Network Cable Coil Basket

networkcablebasketthumb.jpgI made this colourful coil basket completely out of scrap network cables.


I started with an assortment of colourful network patch cables (each colour being a different length).

You may at this point be wondering why I would just waste brand new, bagged cables, but there's a good reason - see below ('But Why?').

networkcablebasket3.jpgI wired three different colours together at one end (using one of the original twist ties with which the cables were packaged).

Then I plaited (braided) the cables together into a long rope.

Being all different lengths, I occasionally had to stop and tie in a new cable, making sure I used each colour in strict rotation (which later brought about a very pleasing blended effect in the finished basket).

networkcablebasket4.jpgTying in the new cables was a simple matter of wrapping a temprary wire tie around the braid, to stop it from unravelling, then just twist tying the new cable to the end of the one that was running out.

Again, the wire ties were the originals saved from the original packaging of the cables.

networkcablebasket5.jpgI needed something to tie up the spiral coils of the basket, so I ripped open an ordinary grey patch cable and pulled out the twisted pairs.

Although these were stranded copper wires, they were stiff enough to be able to be pushed through holes to stitch things together, without using a needle.

networkcablebasket6.jpgStarting off was a little tricky, but just consists of wiring a folded end together, then carefully wrapping the braid, edge-on, around the centre.

I carefully stitched the edge of the braid to the previous coil, but only ever looping through the outermost loops of the edge of the strip.

networkcablebasket7.jpgHere's a closer look at the stitching method - I kept the braid flat all the way around and only looped the wire through the edge of the new strip, then back through the edge loops of the existing coil.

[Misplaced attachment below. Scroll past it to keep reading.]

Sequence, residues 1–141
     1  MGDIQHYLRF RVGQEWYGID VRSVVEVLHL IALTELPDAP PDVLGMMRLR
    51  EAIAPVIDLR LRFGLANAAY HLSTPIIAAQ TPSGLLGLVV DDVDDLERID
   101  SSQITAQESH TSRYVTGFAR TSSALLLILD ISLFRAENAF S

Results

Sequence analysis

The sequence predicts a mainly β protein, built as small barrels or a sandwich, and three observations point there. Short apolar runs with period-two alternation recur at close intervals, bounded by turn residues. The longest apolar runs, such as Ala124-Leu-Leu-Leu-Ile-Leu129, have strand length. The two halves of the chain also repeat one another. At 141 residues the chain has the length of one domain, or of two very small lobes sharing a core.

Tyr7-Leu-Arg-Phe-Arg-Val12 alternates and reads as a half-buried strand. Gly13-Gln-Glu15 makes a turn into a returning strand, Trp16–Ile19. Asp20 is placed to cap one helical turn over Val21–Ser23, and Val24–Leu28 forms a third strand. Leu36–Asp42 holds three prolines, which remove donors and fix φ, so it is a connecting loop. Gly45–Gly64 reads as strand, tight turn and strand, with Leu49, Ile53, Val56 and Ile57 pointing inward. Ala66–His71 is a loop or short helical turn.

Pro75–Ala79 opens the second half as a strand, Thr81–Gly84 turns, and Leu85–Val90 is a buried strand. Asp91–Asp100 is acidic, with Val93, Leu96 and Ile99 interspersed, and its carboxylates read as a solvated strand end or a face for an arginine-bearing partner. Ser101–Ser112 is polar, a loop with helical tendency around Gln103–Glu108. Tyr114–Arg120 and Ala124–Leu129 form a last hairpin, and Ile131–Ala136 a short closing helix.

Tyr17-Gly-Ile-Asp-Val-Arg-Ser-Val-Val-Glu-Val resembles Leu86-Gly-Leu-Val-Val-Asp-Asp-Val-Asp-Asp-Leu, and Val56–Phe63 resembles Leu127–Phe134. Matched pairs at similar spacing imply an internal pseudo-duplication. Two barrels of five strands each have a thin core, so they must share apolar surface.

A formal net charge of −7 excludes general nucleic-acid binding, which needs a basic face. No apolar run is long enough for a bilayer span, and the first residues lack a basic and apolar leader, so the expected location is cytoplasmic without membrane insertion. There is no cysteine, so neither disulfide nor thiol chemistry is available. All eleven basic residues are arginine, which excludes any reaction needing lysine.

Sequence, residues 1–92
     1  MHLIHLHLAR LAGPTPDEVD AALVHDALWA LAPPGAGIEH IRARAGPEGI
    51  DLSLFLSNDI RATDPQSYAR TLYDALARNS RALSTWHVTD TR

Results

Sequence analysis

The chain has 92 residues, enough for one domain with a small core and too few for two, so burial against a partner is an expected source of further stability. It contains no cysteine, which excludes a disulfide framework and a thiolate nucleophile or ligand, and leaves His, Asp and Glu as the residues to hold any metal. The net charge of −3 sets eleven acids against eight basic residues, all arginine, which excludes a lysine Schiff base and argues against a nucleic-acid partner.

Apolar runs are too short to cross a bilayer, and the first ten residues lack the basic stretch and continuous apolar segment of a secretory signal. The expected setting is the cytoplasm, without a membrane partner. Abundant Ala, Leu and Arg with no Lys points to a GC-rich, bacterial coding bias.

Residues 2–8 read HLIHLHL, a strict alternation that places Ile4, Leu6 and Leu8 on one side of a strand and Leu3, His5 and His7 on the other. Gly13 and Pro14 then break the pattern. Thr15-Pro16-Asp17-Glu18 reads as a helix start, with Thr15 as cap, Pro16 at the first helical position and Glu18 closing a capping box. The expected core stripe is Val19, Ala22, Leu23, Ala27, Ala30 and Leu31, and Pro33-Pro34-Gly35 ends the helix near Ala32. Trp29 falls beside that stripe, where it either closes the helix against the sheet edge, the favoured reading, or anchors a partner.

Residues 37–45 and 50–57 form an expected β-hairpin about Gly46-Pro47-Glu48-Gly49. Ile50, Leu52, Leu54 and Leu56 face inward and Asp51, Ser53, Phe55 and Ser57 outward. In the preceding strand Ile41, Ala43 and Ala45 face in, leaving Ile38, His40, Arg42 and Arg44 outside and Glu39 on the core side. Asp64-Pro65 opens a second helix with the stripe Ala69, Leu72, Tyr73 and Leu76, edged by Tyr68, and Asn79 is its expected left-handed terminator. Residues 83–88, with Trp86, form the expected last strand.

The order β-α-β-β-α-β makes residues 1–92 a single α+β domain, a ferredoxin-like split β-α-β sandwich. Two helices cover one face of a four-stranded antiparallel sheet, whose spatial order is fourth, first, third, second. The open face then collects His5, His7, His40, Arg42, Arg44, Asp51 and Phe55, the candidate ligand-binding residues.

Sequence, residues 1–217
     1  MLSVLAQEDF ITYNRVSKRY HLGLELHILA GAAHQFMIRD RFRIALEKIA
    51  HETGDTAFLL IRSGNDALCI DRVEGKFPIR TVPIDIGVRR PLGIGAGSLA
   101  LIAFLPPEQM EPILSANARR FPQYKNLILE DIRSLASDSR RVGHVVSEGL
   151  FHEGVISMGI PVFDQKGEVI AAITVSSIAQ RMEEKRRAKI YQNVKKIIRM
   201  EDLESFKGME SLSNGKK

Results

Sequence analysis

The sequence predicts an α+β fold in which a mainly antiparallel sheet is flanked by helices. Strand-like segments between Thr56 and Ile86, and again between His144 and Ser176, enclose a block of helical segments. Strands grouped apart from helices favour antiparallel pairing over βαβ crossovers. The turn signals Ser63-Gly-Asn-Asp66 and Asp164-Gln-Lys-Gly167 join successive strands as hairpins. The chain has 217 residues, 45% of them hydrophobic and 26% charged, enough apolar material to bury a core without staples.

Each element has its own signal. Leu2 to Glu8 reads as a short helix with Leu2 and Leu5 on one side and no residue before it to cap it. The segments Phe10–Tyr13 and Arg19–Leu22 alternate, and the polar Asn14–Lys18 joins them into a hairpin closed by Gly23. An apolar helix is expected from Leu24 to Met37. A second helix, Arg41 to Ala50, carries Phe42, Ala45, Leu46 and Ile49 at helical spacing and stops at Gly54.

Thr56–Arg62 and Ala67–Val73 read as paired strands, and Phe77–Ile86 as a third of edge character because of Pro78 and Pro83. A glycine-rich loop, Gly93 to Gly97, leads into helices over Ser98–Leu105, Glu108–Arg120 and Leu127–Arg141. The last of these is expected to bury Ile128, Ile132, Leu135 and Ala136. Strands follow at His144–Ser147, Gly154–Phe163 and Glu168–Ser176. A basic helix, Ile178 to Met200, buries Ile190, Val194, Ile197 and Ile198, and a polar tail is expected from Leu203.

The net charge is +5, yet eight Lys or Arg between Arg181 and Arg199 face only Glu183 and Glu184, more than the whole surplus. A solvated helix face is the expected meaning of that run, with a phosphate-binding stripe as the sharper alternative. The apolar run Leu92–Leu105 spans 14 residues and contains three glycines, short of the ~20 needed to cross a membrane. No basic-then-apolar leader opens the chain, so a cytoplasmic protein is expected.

As the coil builds, it quite naturally begins to take on a dished shape - not really sure how or why - and it would probably be possible to constrain it not to form a bowl - but that would be a lot of effort - and anyway, I did actually want a bowl shaped basket.

networkcablebasket8.jpgI left the UTP plugs on the ends of the cables - if I had been making this for use as a fruit bowl at home, I'd have cut them off and joined the cables more carefully - maybe butted together with tape or heatshrink tube - but instead, I just tucked them in so that they were all on the inside of the basket - again, there's a good reason for this - explained below and in the side column.

Because the individual cables were all different lengths, the three strands of my braid ran out one at a time - I kept on looping around and stitching it to the rim of the basket until it was nearly all used up.

The last loop of single cable went all the way around the outside to thicken and reinforce the rim.

End Result

The finished basket used up about a dozen cables and measures about 25 cm in diameter at the rim.


I'm quite pleased with this basket - making it was fairly easy (although a little tough on the hands). I think it looks quite beautiful - even with all the cable ends deliberately left on for IT geek appeal.

networkcablebasket10.jpgI left a tail of unwoven cable trailing at the end, as an attachment for a label. The label is made - appropriately - from a PCI network card.

But Why?

This basket was made for a specific purpose.

I work for the IT department of a local government organisation - and I was commissioned to make the trophy for our Christmas quiz party.

I wanted something that was zero-budget and nice-looking, but slightly weird and super-geeky - so something made from recycled redundant tech seemed like a great idea.

Waste Of Cables?

This might seem like a waste of cables, but they were destined for scrap recycling anyway - they're Cat5 cables, substandard for use in our Data Centre, and various bits of procurement/disposal red tape meant they can't be sold off.

The trophy itself will include a tag consisting of an old network card, labelled 'Winner' and plugged onto the trailing end of the last cable.

Ancient And Modern

This fusion of ancient crafts and modern materials makes me really happy. Coil basket making is a really old technique that works with almost any material - including those sorts of things that cannot otherwise be woven, for example; pine needles.

But old scrap cables are actually nearly an ideal material for making baskets; flexible, uniform, strong and slightly stiff. This might not be my last recycled cable basket...